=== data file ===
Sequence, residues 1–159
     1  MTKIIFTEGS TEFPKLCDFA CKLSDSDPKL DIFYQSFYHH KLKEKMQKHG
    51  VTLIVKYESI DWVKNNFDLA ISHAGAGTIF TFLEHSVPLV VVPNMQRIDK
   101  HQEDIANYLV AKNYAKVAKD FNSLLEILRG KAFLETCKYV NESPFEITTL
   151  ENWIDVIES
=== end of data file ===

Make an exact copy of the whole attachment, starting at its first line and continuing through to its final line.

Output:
Sequence, residues 1–159
     1  MTKIIFTEGS TEFPKLCDFA CKLSDSDPKL DIFYQSFYHH KLKEKMQKHG
    51  VTLIVKYESI DWVKNNFDLA ISHAGAGTIF TFLEHSVPLV VVPNMQRIDK
   101  HQEDIANYLV AKNYAKVAKD FNSLLEILRG KAFLETCKYV NESPFEITTL
   151  ENWIDVIES